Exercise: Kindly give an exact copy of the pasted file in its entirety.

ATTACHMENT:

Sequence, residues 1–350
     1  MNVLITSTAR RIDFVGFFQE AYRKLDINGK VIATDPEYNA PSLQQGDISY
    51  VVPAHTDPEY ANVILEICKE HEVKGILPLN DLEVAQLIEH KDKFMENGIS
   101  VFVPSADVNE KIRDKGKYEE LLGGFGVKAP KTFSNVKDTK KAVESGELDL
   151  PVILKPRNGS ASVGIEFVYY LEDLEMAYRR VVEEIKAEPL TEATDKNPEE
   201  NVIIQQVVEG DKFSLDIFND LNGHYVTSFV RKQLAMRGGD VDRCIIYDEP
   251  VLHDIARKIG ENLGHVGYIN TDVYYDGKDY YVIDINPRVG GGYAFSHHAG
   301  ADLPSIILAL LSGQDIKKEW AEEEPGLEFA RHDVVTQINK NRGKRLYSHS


Sequence, residues 1–350
     1  MNVLITSTAR RIDFVGFFQE AYRKLDINGK VIATDPEYNA PSLQQGDISY
    51  VVPAHTDPEY ANVILEICKE HEVKGILPLN DLEVAQLIEH KDKFMENGIS
   101  VFVPSADVNE KIRDKGKYEE LLGGFGVKAP KTFSNVKDTK KAVESGELDL
   151  PVILKPRNGS ASVGIEFVYY LEDLEMAYRR VVEEIKAEPL TEATDKNPEE
   201  NVIIQQVVEG DKFSLDIFND LNGHYVTSFV RKQLAMRGGD VDRCIIYDEP
   251  VLHDIARKIG ENLGHVGYIN TDVYYDGKDY YVIDINPRVG GGYAFSHHAG
   301  ADLPSIILAL LSGQDIKKEW AEEEPGLEFA RHDVVTQINK NRGKRLYSHS